New Book Tackles Compassionate Solutions for Classroom Challenges

My last post was about a Wisconsin study that used mindfulness training in the classroom. As you already know, this is a favorite topic of mine.

Mindfulness training is wonderful because inherent in the teaching are lessons about compassion and empathy, traits we want our children to develop so that they become socially responsible adults who care about the future of our world.

There is a new book titled 55 Teaching Dilemmas: Ten Powerful Solutions to Almost Any Classroom Challenge, by Kathy Paterson. This book offers strategies for dealing with classroom challenges with compassion and empathy.

Take a look at the book's synopsis:

To teach with excellence demands more than strategies and techniques. The most successful teachers draw on their personal power—their confidence, compassion, and empathy, and their professional power—their ability to lead, instruct, and inspire their students to do their best. With practice, most teachers can develop the skills they need to conquer almost any classroom challenge.

Compassionate Solutions for Classroom Challenges

In Chapter One, this book notes numerous ways teachers can help their students to show active compassion toward others:

  • Provide encouragement all the time. It is a much better experience for the student when adults can take the time to encourage positive expectations.
  • A smile can work wonders, can't it? It can change the student outlook for the entire day or an entire week. Just think how you felt as a child when the teacher smiled at you in class and gave you a hug after class? Smiles, hugs, and words of encouragement can work wonders with children.
  • Follow the golden rule of treating others as you would want to be treated. In other words, encourage your students to be courteous to others.
  • Help your students to feel safe in the classroom. For some students, this might mean it's important to leave the classroom door open or to not sit too closely to a child. It isn't easy to discern the family life of each child in the classroom. Some children come from homes that are abusive verbally, physically, or even sexually. Each child will have their sense of comfort level and it's important to be as attuned to this as possible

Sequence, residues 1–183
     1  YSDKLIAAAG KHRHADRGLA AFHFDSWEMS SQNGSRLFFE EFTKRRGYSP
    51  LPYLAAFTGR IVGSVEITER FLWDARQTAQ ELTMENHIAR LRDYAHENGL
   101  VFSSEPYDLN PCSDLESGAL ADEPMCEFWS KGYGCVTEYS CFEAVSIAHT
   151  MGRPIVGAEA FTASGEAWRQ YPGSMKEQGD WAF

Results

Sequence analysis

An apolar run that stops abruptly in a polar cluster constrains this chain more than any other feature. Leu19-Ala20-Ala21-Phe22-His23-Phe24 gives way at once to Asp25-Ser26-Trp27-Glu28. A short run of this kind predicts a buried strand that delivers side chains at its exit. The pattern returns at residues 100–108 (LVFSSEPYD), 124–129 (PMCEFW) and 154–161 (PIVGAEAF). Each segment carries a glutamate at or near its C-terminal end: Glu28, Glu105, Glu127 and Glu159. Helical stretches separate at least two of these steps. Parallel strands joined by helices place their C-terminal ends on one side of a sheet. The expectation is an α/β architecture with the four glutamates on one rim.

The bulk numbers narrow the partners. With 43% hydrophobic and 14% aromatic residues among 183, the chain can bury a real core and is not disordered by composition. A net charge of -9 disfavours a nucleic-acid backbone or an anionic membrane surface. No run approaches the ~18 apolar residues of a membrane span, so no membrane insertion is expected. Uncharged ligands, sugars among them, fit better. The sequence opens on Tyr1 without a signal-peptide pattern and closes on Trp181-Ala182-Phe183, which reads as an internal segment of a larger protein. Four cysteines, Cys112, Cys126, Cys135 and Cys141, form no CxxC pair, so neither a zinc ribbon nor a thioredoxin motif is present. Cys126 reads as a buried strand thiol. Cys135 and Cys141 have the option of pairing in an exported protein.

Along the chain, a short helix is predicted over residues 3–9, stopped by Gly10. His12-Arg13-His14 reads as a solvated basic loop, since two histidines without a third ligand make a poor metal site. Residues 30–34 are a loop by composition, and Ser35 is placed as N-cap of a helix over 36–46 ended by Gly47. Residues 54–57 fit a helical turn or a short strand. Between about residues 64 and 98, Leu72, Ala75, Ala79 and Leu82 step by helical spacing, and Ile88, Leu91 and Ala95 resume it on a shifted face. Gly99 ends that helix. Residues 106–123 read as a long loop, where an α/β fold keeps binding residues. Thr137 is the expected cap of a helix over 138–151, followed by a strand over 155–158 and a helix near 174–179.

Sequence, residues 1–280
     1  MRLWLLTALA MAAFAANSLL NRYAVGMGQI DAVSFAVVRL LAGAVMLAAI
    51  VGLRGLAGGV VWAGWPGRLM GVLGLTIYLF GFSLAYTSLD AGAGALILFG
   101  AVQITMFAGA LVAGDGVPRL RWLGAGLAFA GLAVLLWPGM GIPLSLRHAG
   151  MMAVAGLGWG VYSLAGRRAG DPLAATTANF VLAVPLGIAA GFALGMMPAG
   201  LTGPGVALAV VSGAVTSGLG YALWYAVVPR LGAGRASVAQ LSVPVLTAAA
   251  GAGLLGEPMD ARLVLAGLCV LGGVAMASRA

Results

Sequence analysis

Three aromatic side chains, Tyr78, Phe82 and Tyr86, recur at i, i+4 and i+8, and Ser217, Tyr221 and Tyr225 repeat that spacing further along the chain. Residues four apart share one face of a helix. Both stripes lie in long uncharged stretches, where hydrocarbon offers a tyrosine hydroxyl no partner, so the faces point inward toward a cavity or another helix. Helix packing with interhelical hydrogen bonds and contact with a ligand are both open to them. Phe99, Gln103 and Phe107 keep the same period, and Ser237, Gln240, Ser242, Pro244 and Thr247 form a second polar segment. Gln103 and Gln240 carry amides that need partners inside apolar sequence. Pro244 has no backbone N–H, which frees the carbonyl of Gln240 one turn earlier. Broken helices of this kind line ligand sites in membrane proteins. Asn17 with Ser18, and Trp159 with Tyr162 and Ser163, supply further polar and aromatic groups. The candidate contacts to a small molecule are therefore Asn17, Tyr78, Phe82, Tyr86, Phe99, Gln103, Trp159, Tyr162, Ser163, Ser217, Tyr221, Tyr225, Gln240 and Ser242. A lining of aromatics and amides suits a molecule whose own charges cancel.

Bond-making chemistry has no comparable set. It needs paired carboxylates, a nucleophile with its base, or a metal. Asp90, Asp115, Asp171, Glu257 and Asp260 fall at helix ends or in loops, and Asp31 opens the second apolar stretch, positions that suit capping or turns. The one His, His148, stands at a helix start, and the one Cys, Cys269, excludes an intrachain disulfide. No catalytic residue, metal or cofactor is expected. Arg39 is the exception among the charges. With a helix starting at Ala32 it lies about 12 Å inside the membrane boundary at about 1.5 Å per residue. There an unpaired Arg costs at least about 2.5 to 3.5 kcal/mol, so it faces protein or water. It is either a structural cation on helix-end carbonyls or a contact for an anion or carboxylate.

• Instead of making all the decisions for your classroom on your own, from time to time ask your students what they would like to do next. Allow them to select a book for you to read aloud or to decide whether they want to use crayons for their drawings or paint.
  • Take the time to get to know your students. We know that teachers don't have a lot of time given their work schedules and the push these days to prepare students for tests. But the better you get to know your students, the better you will understand them.
  • Never take for granted the power of observation. Observe your students body language to determine how they are feeling in the classroom.
  • Do all you can to maintain calmness in your classroom and to avoid explosive situations.
  • It's important to respect your students' friendships. If it makes them more comfortable to sit with their friends, allow them to do this so long as their behavior doesn't become disruptive to the entire class.
  • Look for signs of suffering in your students. The best way to help is through active listening.
  • Try to monitor playground squabbles or in-class disagreements and find ways to come to amicable solutions.

How to Show Empathy in the Classroom

There are numerous ways that teachers can show empathy towards her/his students and in the classroom. Here are a few suggestions from this wonderful new book:

  • Get to know your students as individuals and try to align your expectations with each student's needs.
  • Treat all of your students with dignity and respect and help your students to treat others in the same manner.
  • When a child is confiding in you, practice active listening and do your best to refrain from interrupting with advice.
  • Adopt empathetic responses to help you respond to situations in the classroom without judgment. By doing this, you will be setting an example for your students to express less judgment toward others in their lives.

To learn more about this topic, be sure to check out the book and consider subscribing to Education World, a great resource for teachers that offers lesson plans, professional development opportunities, and an active blog.

 Drawing by Author and Illustrator Elizabeth B.  Martin


Elizabeth B. Martin is the author and illustrator of six picture books for children. You can view her books here for free